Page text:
It comes as no surprise, then, that Queen Mary had him burned at Oxford in 1555 — not only was he a Protestant and she a Catholic, he had been involved in conspiracy to prevent her accession to the throne.

Latimer Preaching, from Foxe’s Book, 1563

Hugh Latimer was from Leicester, and entered Cambridge University at age 14. 2 February, 1510, he was elected a Fellow of Clare College. 1514 he was awarded his Master of Arts, and 1515 he was ordained priest; in 1524, he was awarded his Bachelor of Divinity, his disputation for which was a refutation of Reformation doctrines.

However, one Thomas Bilney heard Latimer preaching against the Reformers and went to confess his own Reformation ways to this university chaplain. Latimer was moved by Bilney and began to move towards a more Protestant direction in his belief. He got involved with Bilney and others calling for Reform, including the call for an English Bible. This could have got him into more trouble, but at just this moment Henry VIII got himself a new Archbishop of Canterbury in Thomas Cranmer to get himself an annulment of his marriage to Catherine of Aragon.

1535 saw Latimer Bishop of Worchester, preaching reform and iconoclasm. But in 1539, he was opposed to Henry VIII’s anti-Reform Six Articles, so was imprisoned in the Tower of London.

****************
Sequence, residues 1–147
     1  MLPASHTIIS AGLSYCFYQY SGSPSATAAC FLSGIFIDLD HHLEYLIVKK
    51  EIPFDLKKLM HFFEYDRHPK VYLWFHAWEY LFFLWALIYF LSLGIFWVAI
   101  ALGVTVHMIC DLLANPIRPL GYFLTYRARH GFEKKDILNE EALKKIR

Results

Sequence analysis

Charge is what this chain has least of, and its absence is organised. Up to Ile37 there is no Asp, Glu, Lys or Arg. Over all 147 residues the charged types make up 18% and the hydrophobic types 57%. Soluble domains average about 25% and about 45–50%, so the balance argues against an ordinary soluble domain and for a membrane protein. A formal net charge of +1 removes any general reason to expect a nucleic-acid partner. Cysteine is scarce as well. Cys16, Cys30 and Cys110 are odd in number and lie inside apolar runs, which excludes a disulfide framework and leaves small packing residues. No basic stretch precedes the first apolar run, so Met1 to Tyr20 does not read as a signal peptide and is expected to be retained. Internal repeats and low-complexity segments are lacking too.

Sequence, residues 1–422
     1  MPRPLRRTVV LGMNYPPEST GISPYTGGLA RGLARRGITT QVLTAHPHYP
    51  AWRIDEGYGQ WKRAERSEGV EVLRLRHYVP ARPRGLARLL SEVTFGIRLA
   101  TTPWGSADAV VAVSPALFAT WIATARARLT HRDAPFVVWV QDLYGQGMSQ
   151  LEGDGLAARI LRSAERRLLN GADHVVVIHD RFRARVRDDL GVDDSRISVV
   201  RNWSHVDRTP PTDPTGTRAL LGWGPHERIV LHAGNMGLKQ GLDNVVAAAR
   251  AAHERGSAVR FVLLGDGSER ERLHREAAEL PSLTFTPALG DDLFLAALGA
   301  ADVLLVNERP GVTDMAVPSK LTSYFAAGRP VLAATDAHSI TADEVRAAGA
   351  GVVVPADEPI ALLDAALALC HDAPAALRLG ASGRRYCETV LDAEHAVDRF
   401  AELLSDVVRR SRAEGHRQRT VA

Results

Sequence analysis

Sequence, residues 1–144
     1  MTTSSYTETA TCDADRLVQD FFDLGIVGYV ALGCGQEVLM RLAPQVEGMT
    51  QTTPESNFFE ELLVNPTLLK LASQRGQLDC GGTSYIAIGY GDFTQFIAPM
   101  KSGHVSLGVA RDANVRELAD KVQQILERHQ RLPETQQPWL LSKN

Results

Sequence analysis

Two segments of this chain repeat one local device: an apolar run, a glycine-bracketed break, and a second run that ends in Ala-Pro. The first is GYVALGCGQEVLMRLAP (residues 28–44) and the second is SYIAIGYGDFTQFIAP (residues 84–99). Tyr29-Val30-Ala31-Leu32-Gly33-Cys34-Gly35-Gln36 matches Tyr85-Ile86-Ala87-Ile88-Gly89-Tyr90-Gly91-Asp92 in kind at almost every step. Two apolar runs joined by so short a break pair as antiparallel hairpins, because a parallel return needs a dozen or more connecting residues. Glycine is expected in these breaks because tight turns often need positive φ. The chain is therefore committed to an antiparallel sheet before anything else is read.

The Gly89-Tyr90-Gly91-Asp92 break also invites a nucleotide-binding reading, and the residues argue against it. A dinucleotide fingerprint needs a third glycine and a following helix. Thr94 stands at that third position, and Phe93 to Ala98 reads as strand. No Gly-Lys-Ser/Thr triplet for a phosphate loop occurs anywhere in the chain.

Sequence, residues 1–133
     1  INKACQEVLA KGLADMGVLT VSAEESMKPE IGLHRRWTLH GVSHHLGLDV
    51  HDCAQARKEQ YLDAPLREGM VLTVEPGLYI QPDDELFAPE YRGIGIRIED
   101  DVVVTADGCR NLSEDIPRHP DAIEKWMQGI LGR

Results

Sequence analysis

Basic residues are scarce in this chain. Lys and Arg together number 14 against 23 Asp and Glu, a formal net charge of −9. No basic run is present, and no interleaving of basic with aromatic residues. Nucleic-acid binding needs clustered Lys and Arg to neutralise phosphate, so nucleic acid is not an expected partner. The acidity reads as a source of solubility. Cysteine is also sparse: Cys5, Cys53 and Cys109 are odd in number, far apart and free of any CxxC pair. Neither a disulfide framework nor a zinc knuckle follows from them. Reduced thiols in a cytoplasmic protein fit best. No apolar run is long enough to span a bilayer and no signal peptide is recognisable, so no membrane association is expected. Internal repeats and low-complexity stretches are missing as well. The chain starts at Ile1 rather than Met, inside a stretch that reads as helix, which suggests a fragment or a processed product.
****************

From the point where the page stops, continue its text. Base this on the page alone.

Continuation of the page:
He found himself in better favour under Edward VI, being a court preacher until 1550. From 1550-3, he was chaplain to Katherine Duchess of Suffolk. Under Queen, Latimer, like Ridley, was arrested — unlike Ridley and Cranmer, he was not involved in any conspiracies against the new monarch.

Trial and Death of the Oxford Martyrs

Latimer, Ridley, and Cranmer were taken to Oxford where they were to engage in a disputation on the faith. Latimer was by now quite aged, and provided his declaration in writing. His prayer was, in the words of Foxe, ‘that he might stand faithful to the doctrine he had professed, that God would restore his Gospel to England once again, and preserve the Lady Elizabeth to be queen.’

All these would be granted, but Latimer would not live to see it.

The cross marks the spot where Latimer and Ridley were burned

The result of the disputation at Oxford was, naturally enough, that Latimer and Ridley were heretics in contravention of the teachings of the Roman Catholic Church. Cranmer initially recanted, however (ever the politician?). They were to be burned at the stake in front of Balliol College, at the north end of the city.

Foxe relates the following about Nicholas Ridley: